LOL, okay, you've done your homework.......... It is hard sometimes to explain electrical theory if someone is new to it.
Yes, you have shown a "Delta" transformer, but those are not commonly used for residential applications.
What you have should be:
Now, there are other configurations for transformers Delta/Delta, Open Delta, Delta Wye, Wye Delta, and Wye Wye. But the most common is Wye, and if you see a 208 voltage.........you can be confident it is coming from a wye transformer.
Okay, lets talk about legs and phases. In residential electrical, we don't call them phases, but in actuality, they are phases, but you only get to see two of them. In the distribution net, the power is sent out as three phase, but it is divided across the grid. Each neighborhood will only see AB, BC, or CA phases, unless they pull the third phase into the neighborhood. A good way to see if you have 3 phase to your area is to look at the power poles. If you see 4 wires across the top, that means all three phases are there with a neutral, but again........that is not common in a residential area.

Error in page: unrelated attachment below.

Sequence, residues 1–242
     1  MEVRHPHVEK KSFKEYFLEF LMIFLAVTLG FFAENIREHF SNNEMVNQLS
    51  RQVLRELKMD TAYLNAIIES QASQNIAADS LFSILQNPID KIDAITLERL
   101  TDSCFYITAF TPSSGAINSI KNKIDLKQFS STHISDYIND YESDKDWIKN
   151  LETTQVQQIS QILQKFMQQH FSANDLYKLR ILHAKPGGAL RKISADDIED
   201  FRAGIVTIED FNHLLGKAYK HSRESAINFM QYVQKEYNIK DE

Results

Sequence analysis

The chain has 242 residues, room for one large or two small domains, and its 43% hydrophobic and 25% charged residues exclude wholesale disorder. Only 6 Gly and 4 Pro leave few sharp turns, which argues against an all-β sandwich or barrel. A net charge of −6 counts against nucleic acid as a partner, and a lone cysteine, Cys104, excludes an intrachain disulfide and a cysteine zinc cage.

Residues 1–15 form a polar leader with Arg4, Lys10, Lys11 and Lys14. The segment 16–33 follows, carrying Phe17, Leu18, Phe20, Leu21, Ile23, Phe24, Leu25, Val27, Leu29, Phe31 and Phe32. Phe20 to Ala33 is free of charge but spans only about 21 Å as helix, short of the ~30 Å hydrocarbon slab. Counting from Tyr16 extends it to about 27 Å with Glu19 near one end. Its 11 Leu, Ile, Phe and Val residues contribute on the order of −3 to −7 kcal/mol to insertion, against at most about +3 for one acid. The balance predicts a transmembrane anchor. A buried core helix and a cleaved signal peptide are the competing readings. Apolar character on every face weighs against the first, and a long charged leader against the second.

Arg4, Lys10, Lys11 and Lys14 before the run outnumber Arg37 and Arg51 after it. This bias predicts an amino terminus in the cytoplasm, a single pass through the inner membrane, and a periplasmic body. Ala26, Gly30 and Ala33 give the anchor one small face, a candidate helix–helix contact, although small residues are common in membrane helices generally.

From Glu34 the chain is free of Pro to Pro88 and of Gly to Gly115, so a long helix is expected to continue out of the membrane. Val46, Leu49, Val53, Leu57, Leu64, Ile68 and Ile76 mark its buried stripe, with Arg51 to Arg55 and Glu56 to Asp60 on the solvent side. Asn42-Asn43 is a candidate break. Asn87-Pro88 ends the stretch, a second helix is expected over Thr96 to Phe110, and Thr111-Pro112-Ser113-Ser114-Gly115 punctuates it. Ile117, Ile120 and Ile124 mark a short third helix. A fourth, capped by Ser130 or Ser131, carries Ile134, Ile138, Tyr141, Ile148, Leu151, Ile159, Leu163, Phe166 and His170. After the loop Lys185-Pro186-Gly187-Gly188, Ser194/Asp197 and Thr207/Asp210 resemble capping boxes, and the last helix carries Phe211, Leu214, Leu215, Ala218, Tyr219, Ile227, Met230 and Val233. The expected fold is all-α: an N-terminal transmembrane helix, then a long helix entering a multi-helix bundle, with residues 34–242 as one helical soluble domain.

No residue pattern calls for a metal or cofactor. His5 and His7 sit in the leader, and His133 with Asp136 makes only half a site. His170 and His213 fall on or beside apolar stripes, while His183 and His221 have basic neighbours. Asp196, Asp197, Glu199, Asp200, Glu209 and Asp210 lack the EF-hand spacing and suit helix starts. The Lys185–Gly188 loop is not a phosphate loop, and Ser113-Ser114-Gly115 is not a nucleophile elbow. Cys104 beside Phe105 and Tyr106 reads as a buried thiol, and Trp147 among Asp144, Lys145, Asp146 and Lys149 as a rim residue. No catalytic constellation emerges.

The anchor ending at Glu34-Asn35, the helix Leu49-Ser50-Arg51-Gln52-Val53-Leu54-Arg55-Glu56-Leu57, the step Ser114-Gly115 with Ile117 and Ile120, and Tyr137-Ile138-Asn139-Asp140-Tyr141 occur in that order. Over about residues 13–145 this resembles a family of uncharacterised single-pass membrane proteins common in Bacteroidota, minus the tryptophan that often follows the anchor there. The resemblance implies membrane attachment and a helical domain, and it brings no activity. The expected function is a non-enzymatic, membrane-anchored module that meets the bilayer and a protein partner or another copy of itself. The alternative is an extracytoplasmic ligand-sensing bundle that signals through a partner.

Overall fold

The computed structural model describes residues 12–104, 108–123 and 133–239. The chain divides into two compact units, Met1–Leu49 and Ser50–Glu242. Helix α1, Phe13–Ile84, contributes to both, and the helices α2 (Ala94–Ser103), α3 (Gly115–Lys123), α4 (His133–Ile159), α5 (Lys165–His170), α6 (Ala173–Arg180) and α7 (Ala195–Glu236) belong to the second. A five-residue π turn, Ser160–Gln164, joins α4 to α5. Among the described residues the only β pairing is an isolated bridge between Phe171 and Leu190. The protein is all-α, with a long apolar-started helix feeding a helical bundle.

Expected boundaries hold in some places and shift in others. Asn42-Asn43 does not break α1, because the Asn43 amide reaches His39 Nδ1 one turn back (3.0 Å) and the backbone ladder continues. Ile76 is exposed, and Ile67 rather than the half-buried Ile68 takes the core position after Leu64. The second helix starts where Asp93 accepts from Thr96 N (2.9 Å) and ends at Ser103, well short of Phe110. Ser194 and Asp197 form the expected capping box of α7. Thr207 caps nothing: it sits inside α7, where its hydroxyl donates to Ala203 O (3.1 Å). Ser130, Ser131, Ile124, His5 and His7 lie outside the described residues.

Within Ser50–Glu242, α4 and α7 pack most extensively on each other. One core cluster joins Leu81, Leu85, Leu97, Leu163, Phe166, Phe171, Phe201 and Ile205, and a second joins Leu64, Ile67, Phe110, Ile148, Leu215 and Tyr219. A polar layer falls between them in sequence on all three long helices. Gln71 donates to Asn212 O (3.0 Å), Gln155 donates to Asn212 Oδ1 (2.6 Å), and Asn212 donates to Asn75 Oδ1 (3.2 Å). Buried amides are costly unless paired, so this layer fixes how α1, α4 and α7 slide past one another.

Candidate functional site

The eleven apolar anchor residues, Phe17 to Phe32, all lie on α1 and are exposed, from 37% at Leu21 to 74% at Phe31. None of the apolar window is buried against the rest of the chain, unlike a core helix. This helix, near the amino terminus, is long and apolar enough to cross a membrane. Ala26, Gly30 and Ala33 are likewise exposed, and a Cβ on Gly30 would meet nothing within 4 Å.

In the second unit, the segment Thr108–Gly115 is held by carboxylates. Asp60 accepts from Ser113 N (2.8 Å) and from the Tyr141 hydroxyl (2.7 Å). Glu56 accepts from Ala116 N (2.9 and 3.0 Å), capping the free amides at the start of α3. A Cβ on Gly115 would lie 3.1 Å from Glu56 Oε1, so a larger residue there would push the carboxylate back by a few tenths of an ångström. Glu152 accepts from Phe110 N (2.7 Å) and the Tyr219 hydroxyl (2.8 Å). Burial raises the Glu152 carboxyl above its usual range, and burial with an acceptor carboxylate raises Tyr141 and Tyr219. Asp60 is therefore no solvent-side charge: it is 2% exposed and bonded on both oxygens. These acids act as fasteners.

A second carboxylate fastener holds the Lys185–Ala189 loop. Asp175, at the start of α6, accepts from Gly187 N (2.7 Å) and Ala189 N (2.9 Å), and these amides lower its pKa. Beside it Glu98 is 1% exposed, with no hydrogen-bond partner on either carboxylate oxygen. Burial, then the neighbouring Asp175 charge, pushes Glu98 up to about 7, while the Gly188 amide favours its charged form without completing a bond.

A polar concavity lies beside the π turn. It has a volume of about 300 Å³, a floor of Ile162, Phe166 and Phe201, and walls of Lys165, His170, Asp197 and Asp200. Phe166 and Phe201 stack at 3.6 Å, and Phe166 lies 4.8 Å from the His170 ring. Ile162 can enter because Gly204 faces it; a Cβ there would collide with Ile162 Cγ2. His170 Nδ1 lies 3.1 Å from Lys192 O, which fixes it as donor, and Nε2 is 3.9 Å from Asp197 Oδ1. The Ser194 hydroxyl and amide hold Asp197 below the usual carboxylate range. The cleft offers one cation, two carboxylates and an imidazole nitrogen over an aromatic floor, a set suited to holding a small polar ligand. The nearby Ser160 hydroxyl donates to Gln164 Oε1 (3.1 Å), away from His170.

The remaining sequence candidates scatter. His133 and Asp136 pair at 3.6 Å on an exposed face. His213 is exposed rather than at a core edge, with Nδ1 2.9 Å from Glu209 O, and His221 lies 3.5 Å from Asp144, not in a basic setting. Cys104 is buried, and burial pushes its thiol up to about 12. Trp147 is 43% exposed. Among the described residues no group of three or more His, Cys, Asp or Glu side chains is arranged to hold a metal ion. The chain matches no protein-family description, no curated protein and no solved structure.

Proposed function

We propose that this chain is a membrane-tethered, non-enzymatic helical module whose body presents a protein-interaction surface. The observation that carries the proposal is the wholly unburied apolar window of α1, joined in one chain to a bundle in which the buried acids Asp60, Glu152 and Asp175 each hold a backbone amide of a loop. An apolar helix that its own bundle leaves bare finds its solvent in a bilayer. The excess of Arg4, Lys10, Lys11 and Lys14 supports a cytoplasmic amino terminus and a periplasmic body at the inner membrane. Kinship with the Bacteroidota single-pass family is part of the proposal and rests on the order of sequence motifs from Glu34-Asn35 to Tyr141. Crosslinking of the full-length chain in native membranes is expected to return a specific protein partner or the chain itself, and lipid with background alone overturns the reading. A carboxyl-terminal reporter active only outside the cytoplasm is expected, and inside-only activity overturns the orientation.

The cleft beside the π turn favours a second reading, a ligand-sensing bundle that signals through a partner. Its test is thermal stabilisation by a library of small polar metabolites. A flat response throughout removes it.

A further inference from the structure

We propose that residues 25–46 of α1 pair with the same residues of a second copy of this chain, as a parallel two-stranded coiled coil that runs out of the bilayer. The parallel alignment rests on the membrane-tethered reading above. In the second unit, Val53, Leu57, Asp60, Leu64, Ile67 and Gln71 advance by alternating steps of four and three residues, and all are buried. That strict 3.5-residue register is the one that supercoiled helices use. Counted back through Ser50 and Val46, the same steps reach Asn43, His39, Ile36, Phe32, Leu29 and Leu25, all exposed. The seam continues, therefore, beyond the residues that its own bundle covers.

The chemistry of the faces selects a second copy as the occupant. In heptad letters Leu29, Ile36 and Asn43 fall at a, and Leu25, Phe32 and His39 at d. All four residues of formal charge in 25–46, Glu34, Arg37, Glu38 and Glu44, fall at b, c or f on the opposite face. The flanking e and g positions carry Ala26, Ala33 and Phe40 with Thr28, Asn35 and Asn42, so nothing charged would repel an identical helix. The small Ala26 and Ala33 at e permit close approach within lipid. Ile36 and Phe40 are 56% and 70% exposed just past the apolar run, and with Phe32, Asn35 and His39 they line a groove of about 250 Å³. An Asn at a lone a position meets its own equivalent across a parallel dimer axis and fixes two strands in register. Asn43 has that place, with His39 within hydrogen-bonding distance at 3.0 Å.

Balancing the power draw across all phases is the job of your local utility. By making sure the different leg divisions (AB, BC, CA) are balanced for load, the system will remain stable. But if they get imbalanced one set drawing too much, you start to see power outages in you area.
Thread: 2K bulb in 1K?
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05-28-2012 12:40 PM
05-28-2012 12:49 PM
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- Feb 2012
So because of the configurations to carefully balance the load.. Some homes end up with 120v for each leg, but 208v when both are measured across?
I live in an 'electrically diverse' area you might say but fortunately many homes here have the same 30a 240v outlet. I read that it would be possible to read the voltages across one of the poles using a cheap voltmeter, but reading them both requires a more expensive tool...
05-28-2012 12:58 PM
Yes, the leg to leg voltage should read around 208. Leg to neutral should be around 120.
A "240" outlet is probably 208. Its like calling all florescent set lights Kino's. It's just what they are commonly called. Or tripods = sticks
As for reading your voltage........those cheap mutlimeters are not good. Home depot sells a decent DMM (digital multimeter), even radio shack has a couple. But if you are not familiar with electrical safety, don't attempt it. It is easy to mess up and get a nasty shock.